Gingrich's exploratory committee will make him the second Republican officially thinking of officially seeking the White House behind former Godfather's Pizza CEO Herman Cain, who formed his own exploratory committee back in January.
To put it mildly, Cain is not expected to be a serious contender for the Republican nomination. Should Gingrich make the jump into a full-scale run of his own, it's not entirely clear where he'd stand among the top candidates vying for the chance to take on President Obama. A Gallup poll from last week showed Gingrich with 9% support among Republicans nationally.
An Iowa poll from January showed Gingrich with 12% support among potential Republican caucusers there, and a poll from early February showed Gingrich drawing 6% of the vote in a hypothetical Republican primary in New Hampshire.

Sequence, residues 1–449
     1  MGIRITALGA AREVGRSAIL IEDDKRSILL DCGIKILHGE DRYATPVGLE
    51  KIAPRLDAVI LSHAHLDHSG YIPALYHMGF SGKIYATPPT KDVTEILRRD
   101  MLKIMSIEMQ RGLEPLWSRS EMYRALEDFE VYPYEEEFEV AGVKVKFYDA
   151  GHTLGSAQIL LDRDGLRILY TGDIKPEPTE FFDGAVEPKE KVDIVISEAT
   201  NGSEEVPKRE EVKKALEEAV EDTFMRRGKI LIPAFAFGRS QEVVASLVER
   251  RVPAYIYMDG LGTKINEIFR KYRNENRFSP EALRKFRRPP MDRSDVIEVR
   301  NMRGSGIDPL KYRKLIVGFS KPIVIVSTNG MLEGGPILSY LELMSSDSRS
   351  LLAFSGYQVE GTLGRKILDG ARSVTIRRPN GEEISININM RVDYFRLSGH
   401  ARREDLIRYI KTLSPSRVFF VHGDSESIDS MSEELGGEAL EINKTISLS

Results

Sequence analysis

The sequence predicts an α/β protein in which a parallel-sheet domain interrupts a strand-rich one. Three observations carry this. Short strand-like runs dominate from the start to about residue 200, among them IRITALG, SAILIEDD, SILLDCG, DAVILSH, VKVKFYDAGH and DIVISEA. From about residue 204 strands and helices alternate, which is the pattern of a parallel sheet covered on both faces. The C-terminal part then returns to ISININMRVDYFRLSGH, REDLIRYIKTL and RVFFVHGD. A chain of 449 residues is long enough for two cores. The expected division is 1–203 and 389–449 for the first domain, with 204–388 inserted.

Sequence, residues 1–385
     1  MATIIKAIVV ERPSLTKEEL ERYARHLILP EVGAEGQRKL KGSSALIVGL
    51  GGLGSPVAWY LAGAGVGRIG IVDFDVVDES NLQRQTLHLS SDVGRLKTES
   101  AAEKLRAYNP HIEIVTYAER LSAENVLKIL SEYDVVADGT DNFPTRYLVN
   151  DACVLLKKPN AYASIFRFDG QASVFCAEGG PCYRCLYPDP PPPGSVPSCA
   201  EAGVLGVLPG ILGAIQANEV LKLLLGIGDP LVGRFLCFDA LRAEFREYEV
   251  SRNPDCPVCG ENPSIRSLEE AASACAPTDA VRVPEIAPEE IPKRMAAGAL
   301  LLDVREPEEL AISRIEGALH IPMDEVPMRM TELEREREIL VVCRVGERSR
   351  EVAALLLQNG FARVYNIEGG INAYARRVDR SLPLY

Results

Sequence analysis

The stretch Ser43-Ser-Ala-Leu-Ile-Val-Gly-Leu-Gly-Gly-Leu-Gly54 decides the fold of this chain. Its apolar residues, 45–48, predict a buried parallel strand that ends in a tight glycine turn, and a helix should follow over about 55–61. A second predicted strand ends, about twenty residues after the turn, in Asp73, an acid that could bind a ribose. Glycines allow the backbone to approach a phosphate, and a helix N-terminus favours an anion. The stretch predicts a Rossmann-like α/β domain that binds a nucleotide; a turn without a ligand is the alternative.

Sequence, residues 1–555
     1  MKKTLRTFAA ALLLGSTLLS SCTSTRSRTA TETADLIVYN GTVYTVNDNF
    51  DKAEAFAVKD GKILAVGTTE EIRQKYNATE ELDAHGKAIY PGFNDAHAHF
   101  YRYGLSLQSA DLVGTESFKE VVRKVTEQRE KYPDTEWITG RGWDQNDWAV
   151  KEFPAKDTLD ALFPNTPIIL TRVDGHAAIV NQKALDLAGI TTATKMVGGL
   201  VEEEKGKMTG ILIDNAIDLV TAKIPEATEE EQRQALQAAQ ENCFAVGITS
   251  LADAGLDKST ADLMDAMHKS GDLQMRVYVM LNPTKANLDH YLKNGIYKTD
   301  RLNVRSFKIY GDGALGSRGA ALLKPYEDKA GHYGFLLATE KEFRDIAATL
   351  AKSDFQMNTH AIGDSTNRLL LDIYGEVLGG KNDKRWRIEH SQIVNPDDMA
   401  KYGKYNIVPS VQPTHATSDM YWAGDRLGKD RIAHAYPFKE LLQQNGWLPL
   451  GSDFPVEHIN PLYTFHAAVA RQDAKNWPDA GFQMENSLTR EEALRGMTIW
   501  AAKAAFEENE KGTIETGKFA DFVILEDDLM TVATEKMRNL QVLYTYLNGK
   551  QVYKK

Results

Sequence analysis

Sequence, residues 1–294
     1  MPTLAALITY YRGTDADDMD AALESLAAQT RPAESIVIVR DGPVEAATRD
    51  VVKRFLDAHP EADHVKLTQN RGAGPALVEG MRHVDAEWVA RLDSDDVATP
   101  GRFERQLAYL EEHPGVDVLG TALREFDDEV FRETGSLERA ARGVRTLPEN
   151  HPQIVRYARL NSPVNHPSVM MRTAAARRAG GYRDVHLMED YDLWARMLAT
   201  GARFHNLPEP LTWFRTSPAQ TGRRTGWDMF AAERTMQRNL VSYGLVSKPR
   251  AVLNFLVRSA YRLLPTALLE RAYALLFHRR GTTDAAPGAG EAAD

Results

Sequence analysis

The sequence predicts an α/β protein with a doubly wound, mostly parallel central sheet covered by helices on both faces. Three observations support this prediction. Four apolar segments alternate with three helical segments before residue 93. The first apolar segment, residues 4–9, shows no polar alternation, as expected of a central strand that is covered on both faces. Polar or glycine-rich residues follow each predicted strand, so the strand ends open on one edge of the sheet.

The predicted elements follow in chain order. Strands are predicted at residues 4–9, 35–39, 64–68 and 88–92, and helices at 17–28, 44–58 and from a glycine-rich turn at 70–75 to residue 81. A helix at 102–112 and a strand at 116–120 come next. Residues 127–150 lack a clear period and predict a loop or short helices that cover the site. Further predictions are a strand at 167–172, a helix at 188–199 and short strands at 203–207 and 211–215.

As ABC News reports, Team Gingrich says they can boost those numbers by reminding voters about Gingrich's time leading the last Republican revolution on Capitol Hill:
His advisors say a Gingrich campaign would tout his accomplishments as Speaker of the House from 1995 to 1999 -- most importantly under his speakership the budget wasn't just balanced but generated more than $400 billion in surpluses. Advisors say this sets him apart from the field. He won't just talk about the federal debt, but can take credit as the only candidate with a record of dealing with it effectively.
Gingrich has also spent much of the last year creating a conservative tea party identity for himself, suggesting a legal ban on sharia law in the U.S. and praising the tea party as the "militant wing" of the GOP.
At CPAC last month, Gingrich helped lead the charge in defending Ronald Reagan's legacy from what he and Senate Minority Leader Mitch McConnell said were Democratic usurpers.